ASH 2019 Day 1 – Improving CAR T-Cell Therapy Session

DAY 1 – Afternoon Session

The last abstract to be covered for today focuses on chimeric antigen receptor (CAR) T-cell therapy that targets B-cell maturation antigen (BCMA) on myeloma cells. While CAR T-cell therapy remains an exciting new strategy to combat myeloma with impressive response rates in patients who often have relapsed following multiple therapies, the biggest challenge is that responses are not always durable and many patients will still relapse. Why CAR T-cell therapy is not long-lived is still unknown.

Dr. Andrew Cowan from the University of Washington reported on a novel way to increase the amount of BCMA on myeloma cells so that CAR T-cells can remain circulating in a patient’s body longer which will help hold off relapse  (ABSTRACT 204 Dr. Cowan and his colleagues conducted a clinical trial that combines CAR T cells with another drug called gamma secretase inhibitors (GSIs) which increase BCMA expression on myeloma cells.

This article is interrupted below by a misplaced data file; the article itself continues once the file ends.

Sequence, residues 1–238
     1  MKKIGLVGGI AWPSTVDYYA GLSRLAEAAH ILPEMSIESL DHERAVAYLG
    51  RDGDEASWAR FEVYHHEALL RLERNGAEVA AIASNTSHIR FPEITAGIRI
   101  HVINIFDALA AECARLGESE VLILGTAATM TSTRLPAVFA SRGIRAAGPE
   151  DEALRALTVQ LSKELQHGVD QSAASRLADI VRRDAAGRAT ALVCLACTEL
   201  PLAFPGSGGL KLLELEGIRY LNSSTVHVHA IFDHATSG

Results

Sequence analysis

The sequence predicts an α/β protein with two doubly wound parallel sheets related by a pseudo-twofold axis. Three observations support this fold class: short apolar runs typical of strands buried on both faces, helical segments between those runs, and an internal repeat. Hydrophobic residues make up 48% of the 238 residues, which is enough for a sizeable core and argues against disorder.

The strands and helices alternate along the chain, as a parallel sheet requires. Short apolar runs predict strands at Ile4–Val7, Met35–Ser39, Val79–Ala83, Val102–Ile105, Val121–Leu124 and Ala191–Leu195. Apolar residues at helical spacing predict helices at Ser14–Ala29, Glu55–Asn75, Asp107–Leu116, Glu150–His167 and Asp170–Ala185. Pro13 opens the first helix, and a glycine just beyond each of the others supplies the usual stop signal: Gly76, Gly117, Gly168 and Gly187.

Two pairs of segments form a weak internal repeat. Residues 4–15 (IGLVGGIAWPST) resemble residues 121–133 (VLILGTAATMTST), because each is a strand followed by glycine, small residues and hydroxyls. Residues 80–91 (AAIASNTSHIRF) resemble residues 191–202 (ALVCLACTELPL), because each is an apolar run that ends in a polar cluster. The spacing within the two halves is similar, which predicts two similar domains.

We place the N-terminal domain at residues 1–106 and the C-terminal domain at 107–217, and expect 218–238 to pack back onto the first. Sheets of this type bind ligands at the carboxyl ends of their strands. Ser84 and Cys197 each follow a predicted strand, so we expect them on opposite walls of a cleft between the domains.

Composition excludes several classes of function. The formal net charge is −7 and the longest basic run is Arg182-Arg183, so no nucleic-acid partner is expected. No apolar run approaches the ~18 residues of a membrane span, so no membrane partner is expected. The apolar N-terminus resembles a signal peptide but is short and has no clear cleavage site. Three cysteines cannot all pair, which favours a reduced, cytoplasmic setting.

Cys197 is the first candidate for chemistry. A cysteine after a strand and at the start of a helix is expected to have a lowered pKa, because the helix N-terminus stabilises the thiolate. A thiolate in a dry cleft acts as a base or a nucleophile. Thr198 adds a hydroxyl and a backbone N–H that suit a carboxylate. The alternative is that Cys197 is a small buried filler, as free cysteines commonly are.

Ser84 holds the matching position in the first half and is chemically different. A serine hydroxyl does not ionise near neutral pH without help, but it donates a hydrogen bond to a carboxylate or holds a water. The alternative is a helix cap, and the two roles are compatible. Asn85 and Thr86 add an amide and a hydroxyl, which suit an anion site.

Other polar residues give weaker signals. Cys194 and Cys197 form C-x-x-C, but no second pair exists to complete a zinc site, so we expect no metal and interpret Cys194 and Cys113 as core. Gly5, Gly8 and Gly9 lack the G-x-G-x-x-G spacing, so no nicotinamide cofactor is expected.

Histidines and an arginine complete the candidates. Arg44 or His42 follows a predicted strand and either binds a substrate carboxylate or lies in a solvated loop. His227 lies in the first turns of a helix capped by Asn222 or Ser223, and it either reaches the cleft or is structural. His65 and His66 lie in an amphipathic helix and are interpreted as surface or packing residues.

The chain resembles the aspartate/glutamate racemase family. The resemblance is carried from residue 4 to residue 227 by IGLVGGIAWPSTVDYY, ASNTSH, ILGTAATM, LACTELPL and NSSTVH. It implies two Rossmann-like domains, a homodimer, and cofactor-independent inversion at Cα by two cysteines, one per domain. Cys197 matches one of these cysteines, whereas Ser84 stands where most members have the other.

Eight patients with relapsed/refractory myeloma were treated with this combination and all patients responded. So far, to date, no patient has relapsed at a median follow-up of 5 months. All patients experienced cytokine release syndrome (CSR)—typically mild—and 70% of patients had some neurotoxicity. While these results are encouraging, longer follow up is needed to confirm that this approach will result in long-term durability of response.